Delay between symptom onset and clinic attendance following TIA and minor stroke: the BEATS study.
Background: rapid specialist assessment of patients with transient ischaemic attack (TIA) reduces the risk of recurrent stroke. National guidelines advise that high-risk patients are assessed within 24 h and low-risk patients within 7 days. Aim: to quantify delay and map pathways taken by patients from symptom onset to specialist assessment. Design: retrospective cohort study. Setting: rapid access TIA clinic. Methods: structured interviews with 278 patients newly diagnosed with TIA (222) or minor stroke (56), and examination of medical records. Results: of the 133 high-risk TIA patients, 11 (8%) attended the clinic within 24 h of symptom onset; of the 89 low-risk TIA patients, 47 (53%) attended within 7 days. Median delay between symptom onset and seeking help from a healthcare professional (HCP) was 4.0 h (IQR 0.5, 41.3). Delay was less if symptoms were correctly interpreted but not reduced by a publicity campaign (FAST) to encourage an urgent response. Most patients (156, 56%) first contacted a general practitioner (GP) and 46 (17%) called an ambulance or attended the emergency department. Over a third (36%) had a second consultation with an HCP before attending the clinic, and this was more likely in those presenting to paramedics, out of hours GP services or optometry. Time to clinic attendance was less if an emergency pathway was used and greater if patients were seen by a second HCP. Conclusions: factors contributing to delay include incorrect interpretation of symptoms and failure to invoke emergency services. Delays after presentation could be addressed by direct referral by out of hours services, paramedics and optometrists.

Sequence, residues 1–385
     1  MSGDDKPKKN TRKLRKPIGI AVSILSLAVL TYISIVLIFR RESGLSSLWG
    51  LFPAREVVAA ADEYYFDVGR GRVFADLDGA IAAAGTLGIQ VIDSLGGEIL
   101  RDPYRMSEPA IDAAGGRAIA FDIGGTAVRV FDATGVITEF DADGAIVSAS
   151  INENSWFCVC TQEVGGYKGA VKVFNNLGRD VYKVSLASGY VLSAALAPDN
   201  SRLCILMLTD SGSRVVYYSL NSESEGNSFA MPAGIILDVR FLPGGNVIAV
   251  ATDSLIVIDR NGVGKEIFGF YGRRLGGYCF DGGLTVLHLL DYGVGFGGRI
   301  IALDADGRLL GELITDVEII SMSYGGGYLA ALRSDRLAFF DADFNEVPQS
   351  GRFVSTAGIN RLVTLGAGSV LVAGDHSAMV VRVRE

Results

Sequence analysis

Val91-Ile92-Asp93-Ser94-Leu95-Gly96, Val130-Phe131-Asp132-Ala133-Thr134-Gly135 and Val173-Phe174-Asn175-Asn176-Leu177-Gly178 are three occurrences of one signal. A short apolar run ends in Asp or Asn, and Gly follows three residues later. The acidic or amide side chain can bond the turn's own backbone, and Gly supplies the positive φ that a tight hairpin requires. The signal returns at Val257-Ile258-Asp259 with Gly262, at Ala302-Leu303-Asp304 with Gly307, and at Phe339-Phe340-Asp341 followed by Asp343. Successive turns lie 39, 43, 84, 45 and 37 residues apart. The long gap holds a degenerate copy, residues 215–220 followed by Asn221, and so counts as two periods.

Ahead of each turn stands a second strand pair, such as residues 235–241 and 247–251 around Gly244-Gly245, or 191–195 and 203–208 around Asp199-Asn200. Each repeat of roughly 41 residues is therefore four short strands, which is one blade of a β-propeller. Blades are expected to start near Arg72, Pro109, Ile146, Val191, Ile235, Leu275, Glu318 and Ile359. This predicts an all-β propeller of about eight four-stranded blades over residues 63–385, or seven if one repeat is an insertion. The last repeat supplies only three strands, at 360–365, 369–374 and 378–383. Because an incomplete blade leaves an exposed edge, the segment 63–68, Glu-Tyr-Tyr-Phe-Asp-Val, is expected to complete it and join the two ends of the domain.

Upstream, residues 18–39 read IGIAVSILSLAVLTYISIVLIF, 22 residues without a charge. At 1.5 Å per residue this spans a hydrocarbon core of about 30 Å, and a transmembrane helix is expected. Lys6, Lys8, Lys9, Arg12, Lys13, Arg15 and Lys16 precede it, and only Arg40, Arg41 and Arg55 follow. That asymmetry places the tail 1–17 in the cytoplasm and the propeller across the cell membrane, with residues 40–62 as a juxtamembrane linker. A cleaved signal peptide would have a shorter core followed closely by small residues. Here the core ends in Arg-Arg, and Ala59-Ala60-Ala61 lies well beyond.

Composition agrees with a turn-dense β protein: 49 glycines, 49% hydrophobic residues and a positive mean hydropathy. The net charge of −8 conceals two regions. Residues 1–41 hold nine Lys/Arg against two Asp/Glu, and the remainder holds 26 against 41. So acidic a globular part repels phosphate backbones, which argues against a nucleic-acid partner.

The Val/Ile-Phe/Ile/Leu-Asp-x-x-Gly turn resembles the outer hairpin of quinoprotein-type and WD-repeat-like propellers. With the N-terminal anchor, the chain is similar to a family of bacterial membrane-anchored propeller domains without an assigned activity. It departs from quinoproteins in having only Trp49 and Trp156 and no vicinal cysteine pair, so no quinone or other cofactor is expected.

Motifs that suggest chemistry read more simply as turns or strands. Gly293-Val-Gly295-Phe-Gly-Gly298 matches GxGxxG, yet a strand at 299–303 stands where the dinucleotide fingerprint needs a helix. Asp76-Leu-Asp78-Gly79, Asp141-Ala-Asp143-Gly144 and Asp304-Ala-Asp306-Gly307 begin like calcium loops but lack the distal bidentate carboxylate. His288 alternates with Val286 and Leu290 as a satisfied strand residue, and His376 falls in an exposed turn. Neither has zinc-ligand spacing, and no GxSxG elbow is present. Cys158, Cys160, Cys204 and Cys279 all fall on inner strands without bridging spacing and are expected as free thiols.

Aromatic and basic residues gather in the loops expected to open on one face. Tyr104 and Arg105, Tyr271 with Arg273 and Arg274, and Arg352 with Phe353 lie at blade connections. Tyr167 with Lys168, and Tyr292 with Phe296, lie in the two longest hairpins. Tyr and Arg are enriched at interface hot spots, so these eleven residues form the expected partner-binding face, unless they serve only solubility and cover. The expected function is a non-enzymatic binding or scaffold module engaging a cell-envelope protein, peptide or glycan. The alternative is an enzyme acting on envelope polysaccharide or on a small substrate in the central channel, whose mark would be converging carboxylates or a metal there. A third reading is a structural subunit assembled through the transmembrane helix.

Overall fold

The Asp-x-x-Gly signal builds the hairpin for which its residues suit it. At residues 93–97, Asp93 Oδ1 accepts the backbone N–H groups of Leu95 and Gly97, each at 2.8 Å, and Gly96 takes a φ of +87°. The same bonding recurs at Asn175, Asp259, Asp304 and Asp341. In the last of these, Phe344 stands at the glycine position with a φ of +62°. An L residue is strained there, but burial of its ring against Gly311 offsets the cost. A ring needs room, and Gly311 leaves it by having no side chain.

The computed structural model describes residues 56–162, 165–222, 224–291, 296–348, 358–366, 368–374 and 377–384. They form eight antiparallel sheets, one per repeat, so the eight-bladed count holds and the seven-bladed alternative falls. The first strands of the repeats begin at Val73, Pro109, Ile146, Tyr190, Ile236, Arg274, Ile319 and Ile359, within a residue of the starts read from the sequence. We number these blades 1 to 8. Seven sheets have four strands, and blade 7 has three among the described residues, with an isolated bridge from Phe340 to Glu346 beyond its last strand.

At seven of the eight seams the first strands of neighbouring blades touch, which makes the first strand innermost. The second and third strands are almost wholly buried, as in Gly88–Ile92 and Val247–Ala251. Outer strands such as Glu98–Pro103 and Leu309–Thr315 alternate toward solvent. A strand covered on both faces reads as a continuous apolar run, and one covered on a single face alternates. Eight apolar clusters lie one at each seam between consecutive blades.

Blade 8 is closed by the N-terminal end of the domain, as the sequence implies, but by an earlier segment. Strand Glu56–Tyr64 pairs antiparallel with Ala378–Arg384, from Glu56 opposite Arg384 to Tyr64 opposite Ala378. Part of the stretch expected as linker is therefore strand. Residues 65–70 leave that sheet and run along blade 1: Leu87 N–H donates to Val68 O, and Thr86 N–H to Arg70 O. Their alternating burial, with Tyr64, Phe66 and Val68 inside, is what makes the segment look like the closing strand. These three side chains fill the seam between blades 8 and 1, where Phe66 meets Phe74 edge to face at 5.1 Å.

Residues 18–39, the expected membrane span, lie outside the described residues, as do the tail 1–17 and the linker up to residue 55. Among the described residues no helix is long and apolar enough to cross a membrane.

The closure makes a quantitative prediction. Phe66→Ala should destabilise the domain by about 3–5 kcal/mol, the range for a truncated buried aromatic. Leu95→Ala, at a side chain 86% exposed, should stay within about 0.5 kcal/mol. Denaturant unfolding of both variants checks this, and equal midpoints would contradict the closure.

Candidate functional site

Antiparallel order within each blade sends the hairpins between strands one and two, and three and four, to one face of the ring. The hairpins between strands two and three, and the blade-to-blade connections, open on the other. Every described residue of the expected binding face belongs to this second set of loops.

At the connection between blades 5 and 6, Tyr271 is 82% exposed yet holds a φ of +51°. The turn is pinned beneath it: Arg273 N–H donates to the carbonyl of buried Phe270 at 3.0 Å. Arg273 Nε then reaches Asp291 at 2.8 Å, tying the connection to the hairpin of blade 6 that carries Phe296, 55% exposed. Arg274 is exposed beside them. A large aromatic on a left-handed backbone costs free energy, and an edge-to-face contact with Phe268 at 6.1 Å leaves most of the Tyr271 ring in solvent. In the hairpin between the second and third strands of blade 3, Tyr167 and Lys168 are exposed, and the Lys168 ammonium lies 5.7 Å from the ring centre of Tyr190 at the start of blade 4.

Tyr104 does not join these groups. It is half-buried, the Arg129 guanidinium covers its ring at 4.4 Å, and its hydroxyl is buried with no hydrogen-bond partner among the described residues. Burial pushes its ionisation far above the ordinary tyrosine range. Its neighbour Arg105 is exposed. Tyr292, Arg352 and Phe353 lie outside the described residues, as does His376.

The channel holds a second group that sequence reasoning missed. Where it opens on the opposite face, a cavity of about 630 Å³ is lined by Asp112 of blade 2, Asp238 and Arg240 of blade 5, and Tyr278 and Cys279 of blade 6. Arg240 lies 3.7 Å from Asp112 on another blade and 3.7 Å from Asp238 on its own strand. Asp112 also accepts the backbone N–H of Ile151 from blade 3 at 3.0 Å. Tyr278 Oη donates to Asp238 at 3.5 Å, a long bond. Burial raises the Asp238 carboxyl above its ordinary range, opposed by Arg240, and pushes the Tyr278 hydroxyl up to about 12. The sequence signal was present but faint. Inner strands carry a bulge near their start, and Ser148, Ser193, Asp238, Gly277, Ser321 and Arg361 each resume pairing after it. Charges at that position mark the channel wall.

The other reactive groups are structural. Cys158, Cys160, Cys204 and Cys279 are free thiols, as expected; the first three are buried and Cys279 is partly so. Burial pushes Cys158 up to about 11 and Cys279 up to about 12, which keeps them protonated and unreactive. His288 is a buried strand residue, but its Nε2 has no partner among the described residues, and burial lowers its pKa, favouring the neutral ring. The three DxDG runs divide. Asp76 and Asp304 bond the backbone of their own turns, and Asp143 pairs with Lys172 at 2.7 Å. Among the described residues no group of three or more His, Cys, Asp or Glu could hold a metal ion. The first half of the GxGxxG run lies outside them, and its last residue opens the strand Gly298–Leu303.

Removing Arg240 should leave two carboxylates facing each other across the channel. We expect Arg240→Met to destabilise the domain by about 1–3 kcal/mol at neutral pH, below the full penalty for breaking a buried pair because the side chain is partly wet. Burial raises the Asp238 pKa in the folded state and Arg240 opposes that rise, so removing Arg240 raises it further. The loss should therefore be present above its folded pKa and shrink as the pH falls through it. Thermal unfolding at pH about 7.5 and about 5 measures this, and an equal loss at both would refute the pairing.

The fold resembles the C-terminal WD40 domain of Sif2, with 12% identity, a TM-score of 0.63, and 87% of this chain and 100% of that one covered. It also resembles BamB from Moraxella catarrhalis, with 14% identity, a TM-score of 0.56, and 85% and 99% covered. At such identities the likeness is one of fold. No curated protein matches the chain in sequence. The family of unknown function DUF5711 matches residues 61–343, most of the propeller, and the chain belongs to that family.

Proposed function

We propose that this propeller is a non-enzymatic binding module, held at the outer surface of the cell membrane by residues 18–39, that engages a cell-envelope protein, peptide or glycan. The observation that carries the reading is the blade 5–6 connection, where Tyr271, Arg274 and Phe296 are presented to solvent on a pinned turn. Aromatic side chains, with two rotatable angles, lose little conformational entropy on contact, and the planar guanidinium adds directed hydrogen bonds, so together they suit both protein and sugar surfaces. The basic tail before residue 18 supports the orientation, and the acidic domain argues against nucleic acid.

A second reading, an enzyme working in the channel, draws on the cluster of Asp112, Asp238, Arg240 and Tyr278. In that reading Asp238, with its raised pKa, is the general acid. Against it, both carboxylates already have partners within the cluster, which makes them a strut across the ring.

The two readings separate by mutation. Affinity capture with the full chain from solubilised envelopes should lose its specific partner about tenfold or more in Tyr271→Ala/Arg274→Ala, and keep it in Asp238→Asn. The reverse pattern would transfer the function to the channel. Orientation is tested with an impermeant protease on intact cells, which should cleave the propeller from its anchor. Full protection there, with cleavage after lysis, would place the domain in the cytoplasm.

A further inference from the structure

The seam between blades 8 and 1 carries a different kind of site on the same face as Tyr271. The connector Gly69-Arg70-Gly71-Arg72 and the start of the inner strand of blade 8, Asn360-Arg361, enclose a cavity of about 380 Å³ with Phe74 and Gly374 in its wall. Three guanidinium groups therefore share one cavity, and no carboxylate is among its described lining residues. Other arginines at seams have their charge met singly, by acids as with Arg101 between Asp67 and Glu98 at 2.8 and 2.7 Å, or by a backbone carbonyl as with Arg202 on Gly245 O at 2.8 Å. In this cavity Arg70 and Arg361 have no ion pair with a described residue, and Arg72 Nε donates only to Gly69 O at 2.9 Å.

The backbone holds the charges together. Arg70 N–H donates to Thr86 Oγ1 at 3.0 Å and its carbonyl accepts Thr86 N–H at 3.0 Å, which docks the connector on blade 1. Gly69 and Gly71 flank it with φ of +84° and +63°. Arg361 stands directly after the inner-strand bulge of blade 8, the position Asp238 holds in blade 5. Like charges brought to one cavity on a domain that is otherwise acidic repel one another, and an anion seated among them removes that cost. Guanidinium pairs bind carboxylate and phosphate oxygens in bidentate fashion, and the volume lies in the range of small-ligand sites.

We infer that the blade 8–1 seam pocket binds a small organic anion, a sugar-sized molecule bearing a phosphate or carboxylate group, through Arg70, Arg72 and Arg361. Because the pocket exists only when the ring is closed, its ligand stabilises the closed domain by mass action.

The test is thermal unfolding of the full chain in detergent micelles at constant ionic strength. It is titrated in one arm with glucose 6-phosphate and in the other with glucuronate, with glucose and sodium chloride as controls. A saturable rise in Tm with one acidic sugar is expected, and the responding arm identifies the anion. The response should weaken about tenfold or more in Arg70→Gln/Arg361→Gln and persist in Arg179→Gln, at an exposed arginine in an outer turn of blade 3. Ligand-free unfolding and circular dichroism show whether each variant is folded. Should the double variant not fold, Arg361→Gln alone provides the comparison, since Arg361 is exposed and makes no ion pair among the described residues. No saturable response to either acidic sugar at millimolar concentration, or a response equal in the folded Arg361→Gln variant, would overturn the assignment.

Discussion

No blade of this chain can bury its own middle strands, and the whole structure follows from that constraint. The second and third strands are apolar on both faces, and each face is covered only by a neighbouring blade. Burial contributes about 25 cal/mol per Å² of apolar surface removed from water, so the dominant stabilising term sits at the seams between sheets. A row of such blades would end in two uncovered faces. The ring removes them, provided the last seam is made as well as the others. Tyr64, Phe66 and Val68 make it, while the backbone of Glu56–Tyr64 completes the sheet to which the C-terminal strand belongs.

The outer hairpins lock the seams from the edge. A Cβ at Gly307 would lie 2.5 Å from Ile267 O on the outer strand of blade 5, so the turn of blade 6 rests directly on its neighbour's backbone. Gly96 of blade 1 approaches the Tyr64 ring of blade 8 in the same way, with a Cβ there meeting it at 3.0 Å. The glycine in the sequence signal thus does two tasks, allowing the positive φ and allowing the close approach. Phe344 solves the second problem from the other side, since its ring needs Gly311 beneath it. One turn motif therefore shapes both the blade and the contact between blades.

Citation : Wilson, A.D. et al. (2014) Delay between symptom onset and clinic attendance following TIA and minor stroke: the BEATS study. Age and Ageing, 43 (2), pp. 253-256
Peer Reviewed : Yes